Monthly Archives: June 2009

there is hard stuff down here

At lunch today, Josh saw me looking over the bay, which is beautiful. He said “you’re gonna miss it.” You’re right Josh. When the weather is nice, it really is beautiful (and having space and wireless is good too). But its hard down here, like the whole communication thing. I realized that today when I got tired of not being able to hear Sweet Anna on our daily phone call and went to my room, fired up the netbook and Skypedout her at work. FINALLY, I can hear and talk with Sweet Anna! Man, my whole mood just changed radically. I felt so great after talking to her! I walked to the beach and took some pix. The sun sets here at like 530 this time of year (it comes up about 730. I will get a rude awakening Saturday when i’m back in the Heartland where the sun comes up at 4 and stays up till 8 or something (Hungary is a bit further north than S. Africa is south) So ANYWHO, the sun was setting, so I took off to see the waning light on the bay (see pic below).

It was all the better because of the warmer than I’ve ever felt down here and my general mood. Connection with our most important people (or person) is soooo important because we are beings who are made for community. I was thinking about this and how it is like when I fail to connect intentionally with God, my spiritual self suffers, have you experienced that too?

But there can hurt in community too. Today we invested the morning at a camp being run to serve girls who have been abused. The percentages of girls subject t such abuse (stated in an earlier post) are just staggering.  Abby was an awesome leader on an intentional walk we took. Early on the little journey, she had us get a rock and carry it. We would stop and read a Scripture and someone would comment on it, then we went to this pond where Abby taught us that there are things we need to throw away from our lives, and she prayed as the kids held  the rocks and then they threw their rocks into the pond. This symbolized that when we give our junk to God and really give it to him, we are free from it! On the way back they took a couple of turns in a little pick-up to get everyone back, but I needed to walk to get some exercise, I took the shot of the road to remember this little leg on my journey. There are people with awesome visions to deal with some of this hard stuff, they just need some help getting it done. I’m praying about how we might help them help these kids. But I have a few more things to see… hard things. But Josh has been telling me the saying down here: ‘Africa’s not for sissys’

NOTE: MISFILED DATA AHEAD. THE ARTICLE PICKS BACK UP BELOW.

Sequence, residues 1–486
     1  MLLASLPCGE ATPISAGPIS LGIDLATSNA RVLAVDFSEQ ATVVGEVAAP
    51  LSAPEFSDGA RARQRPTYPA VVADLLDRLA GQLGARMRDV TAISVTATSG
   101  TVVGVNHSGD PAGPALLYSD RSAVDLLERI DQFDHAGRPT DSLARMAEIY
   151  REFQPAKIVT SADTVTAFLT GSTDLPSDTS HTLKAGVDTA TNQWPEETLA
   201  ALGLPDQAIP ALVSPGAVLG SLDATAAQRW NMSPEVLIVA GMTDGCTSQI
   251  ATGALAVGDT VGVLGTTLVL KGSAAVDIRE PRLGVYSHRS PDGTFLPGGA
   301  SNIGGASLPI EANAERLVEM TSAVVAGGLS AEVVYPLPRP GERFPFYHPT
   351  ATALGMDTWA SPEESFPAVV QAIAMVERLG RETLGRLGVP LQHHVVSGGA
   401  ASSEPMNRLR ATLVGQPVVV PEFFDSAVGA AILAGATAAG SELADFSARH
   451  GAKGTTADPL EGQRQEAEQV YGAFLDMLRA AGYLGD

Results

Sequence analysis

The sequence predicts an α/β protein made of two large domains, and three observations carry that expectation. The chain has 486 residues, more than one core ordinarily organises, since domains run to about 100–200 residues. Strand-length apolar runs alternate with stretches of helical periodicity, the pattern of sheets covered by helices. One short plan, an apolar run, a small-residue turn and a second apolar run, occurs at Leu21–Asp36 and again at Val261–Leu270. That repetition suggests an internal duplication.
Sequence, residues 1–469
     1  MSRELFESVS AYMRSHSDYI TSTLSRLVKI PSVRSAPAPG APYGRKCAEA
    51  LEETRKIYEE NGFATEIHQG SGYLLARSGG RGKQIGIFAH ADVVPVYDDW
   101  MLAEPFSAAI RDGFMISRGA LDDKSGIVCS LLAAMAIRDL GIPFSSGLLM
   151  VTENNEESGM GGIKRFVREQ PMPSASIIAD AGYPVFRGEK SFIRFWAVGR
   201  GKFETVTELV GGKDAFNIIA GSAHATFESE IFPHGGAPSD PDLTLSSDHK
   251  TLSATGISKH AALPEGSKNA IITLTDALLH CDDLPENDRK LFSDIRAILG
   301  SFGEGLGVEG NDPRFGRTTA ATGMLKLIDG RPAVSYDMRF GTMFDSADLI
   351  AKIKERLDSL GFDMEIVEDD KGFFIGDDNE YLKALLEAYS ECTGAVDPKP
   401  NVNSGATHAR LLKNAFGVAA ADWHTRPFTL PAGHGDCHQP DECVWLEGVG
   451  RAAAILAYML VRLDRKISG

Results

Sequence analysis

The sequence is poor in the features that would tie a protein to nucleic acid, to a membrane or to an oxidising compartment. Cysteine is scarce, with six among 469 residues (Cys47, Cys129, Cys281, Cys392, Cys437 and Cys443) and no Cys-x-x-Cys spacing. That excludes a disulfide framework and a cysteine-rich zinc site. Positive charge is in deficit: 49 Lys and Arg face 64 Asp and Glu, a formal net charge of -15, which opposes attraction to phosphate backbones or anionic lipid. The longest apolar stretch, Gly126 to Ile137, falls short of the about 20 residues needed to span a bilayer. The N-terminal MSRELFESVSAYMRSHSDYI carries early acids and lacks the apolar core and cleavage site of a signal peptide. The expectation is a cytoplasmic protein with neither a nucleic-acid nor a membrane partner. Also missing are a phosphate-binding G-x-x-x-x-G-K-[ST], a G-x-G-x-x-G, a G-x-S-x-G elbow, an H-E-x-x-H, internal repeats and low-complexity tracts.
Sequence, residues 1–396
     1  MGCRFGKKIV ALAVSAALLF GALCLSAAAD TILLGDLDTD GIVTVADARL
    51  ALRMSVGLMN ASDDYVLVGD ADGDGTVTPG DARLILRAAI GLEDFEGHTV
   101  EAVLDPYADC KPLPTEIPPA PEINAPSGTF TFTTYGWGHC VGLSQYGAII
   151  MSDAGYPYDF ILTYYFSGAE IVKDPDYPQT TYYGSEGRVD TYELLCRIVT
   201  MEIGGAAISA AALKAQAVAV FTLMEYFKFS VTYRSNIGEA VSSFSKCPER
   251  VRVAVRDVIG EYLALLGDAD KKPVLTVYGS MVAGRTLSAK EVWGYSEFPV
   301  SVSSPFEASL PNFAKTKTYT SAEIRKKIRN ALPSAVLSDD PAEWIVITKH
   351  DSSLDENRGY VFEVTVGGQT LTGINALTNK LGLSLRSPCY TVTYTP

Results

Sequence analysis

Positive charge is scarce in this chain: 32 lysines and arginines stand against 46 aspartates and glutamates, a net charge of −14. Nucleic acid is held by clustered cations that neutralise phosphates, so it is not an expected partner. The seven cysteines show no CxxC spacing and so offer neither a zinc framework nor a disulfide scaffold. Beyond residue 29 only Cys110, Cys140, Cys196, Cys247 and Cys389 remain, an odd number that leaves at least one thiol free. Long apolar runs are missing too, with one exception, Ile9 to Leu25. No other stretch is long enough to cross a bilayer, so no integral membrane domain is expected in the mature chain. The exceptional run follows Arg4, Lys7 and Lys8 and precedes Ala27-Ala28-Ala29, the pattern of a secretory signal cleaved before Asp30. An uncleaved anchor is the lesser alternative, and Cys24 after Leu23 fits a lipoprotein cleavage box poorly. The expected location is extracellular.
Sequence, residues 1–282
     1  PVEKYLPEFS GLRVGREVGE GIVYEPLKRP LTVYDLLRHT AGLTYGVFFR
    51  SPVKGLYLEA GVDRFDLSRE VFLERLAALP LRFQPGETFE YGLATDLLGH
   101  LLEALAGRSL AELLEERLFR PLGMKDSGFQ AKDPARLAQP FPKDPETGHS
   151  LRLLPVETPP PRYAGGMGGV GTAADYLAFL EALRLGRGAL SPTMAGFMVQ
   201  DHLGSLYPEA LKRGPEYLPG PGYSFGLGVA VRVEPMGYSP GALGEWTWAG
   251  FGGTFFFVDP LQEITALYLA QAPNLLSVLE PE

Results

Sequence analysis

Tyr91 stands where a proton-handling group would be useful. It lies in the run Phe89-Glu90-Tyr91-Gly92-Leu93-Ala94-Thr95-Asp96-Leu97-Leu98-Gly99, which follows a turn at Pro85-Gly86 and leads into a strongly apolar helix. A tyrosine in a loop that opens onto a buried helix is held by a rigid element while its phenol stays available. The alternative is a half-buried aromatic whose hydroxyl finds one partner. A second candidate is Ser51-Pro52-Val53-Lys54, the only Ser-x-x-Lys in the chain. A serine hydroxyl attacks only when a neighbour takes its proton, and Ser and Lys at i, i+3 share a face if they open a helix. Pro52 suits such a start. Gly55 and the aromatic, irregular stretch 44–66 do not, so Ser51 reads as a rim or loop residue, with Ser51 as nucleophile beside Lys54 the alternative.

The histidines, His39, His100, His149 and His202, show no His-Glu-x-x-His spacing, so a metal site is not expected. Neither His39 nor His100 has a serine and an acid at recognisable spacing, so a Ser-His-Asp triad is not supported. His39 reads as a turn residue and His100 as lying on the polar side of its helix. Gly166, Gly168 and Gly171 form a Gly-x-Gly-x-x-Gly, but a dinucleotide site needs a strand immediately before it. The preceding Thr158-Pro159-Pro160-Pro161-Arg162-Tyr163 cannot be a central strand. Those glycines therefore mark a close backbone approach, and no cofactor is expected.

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making a difference part 2

On Friday I got to see a weekly ministry to kids in action. A South African couple has a burden to see children have a relationship with Jesus. So, for the last four months they have been coming around each Friday after school to have fun and teach these kids about a relationship with Jesus. The activities start out with sports and games and then singing. Then the wife  shares about Jesus and having a relationship with Him. The husband told me that there are plenty of people telling Bible stories but that what they really need is teaching about know Jesus, not just knowing about him… here are some pix from the day… Josh was a star with the kids, singing, teaching American football and hangin’ out…

dfha

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power and beauty

A couple of powerful storms have come through here Wednesday, Thursday, and Friday causing some pretty awesome waves. While setting up to take some pix of waves, a vintage steam engine came through, that was cool.

abc

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finally, a preschool visit

As I promised yesterday, I will give you a hint on the situation in preschools. We visited a preschool in a township about twenty minutes from here. We were taken there by Yolandi, who we heard about yesterday.
This preschool once had 65 children, which blows my mind to think about given the size of the place. In fact that is why they only have forty enrolled now, since the health department told them to cut enrollment. It is a shame though because those absent kids are not being well served.
When we visited, there were only a dozen or so kids due to the weather. It was cold and raining and the conditions in the townships are notorius in the winter time (why do I go everywhere in the winter?). One cannot watch the news here without seeing the plight of people displaced from their homes by water. So, the director of the preschool told us that when the weather is bad, the mothers do not go to work and keep their little ones home. A woman will do domestic work in the homes of the more affluent for about $11.50 a day.